It’s time we started talking about men’s mental health
Silence is costing lives at university
It remains a fact that men are three times as likely to commit suicide than women. Yet the limited on-campus debate and discussion surrounding mental health seems to be mostly focussed on women.
So, why aren’t young men reaching out for help? Well, it’s not that simple.
Women are often raised to be better at verbalising their emotion and intellectualising their pain. It’s hard to ask for help when you don’t understand the emotions you're feeling. Especially if you're ashamed at having the emotion in the first place. It seems that on campus, women’s mental health is something that people are much more comfortable talking about.
So, are men less likely to commit suicide? While recorded cases of women suffering with mental health conditions is higher, cases of suicide are higher in men. Men are, on average, three times more likely to kill themselves than women are. Three times. Men in the UK aged 20-49 are more likely to die from suicide than from any other cause. This includes cancer, accidents and underlying health conditions.
Mental health issues such as depression, self harm or suicide is seen to be gender specific. They are, by many, seen to be feminine problems. Young men struggling with mental illness inherently face a double disadvantage of being both mentally ill and failing to conform to societal norms of masculinity.
According to the UK government: “self harming in young people is not uncommon with 10-13% of 15-16 year olds having self harmed in their lifetime." Yet only a fraction of cases are admitted to hospital. Many cases of self harm in young people are ignored and those in contact with young people remain unaware of how and when, to refer somebody for further support.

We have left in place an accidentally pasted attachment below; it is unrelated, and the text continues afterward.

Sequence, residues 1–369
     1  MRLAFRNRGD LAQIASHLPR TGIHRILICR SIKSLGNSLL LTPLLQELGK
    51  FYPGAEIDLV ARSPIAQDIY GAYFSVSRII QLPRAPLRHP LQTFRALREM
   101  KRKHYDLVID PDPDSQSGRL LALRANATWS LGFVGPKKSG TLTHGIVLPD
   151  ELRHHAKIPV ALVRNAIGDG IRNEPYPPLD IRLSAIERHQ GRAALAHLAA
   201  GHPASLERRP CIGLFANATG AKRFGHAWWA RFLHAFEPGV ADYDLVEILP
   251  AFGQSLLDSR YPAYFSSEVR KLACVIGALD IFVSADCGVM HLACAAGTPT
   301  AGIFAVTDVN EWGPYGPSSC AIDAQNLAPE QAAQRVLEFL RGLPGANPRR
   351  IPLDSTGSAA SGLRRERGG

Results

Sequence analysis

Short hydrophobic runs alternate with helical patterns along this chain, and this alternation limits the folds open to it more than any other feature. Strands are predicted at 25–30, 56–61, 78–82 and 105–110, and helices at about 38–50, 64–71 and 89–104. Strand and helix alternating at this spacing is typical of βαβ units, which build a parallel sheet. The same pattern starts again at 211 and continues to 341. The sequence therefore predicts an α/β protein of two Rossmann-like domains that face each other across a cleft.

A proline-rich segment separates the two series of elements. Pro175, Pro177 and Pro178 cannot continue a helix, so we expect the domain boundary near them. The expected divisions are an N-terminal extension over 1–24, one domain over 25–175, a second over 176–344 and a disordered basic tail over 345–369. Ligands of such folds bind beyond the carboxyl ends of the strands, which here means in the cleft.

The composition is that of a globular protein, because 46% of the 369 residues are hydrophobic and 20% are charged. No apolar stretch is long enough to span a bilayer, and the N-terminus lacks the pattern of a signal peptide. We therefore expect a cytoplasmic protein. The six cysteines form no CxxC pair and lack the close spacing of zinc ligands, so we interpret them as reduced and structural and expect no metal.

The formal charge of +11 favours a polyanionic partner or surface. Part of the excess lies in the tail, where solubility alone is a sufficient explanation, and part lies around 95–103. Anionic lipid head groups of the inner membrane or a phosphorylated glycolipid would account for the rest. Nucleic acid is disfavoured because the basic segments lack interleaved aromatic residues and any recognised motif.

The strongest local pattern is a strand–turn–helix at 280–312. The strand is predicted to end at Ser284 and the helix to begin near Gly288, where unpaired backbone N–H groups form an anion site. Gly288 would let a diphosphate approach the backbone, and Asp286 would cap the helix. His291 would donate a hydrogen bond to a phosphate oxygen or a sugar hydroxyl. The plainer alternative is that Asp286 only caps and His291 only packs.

It is important to note that the majority of reported incidences of self harm are concerning women and girls, not men. This does not mean that it isn’t occurring, but rather that it is being more carefully hidden from parents and guardians.
Even when men do reach out for help, they are often met with the same failings that women may encounter. Mental health in the NHS is underfunded and requires a certain severity of illness to present itself before help is provided.
Another issue is that comorbidity of illness is often seen as a reason not to offer help. For example, if a male student is struggling with both depression and alcohol dependency, he can usually receive help for one issue at a time. This raises the issue that many people are depressed because they drink, and they drink because they are depressed.
Perhaps we are more prone to talk about mental illness in women on campus because women tend to attempt suicide more often than men. However, they are also far less likely to succeed. Women are also more likely to ask for help from a friend, loved one, or GP. Societal pressures may make young men feel as though this is not an option. Young men face both a lack of education surrounding mental illness and a lack of knowledge about how and where to go to get help.
According to the Samaritans in 2015, male suicide rates could mean the equivalent of one preventable death by suicide at Warwick university every single year. The stress of being away from home, at a competitive university, plus easy access to alcohol and drugs could mean that these rates are even higher.
According to the National Institute of Mental Health, the most common mental disorders men face include (but are not limited to):
Anxiety Disorders including social phobia, Attention Deficit, Hyperactivity Disorder (ADHD, ADD), Autism Spectrum Disorder, Bipolar Disorder, Borderline Personality Disorder, Depression, Eating Disorders, Obsessive-Compulsive Disorder, Post Traumatic Stress Disorder (PTSD), Psychosis, Schizophrenia, Substance Use Disorder, Suicidal thoughts, Complications related to a Traumatic Brain Injury (TBI.)
Many of these illnesses are easily exacerbated by the stress of university. Therefore, it is even more important to be aware of such mental health issues particularly during such times.
If you are worried about a friend or relative, especially one between the ages of 20-24 and 40-49 then some warning signs to watch out for are as follows:
Noticeable changes in mood, energy level, or appetite, Difficulty sleeping or sleeping too much, Difficulty concentrating, feeling restless, or on edge, Increased worry or feeling stressed, A need for alcohol or drugs, Sadness or hopelessness, Suicidal thoughts, Feeling flat or having trouble feeling positive emotions, Engaging in high-risk activities, Ongoing headaches, digestive issues, or pain, Obsessive thinking or compulsive behavior, Thoughts or behaviors that interfere with work, family, or social life, Unusual thinking or behaviors that concern other people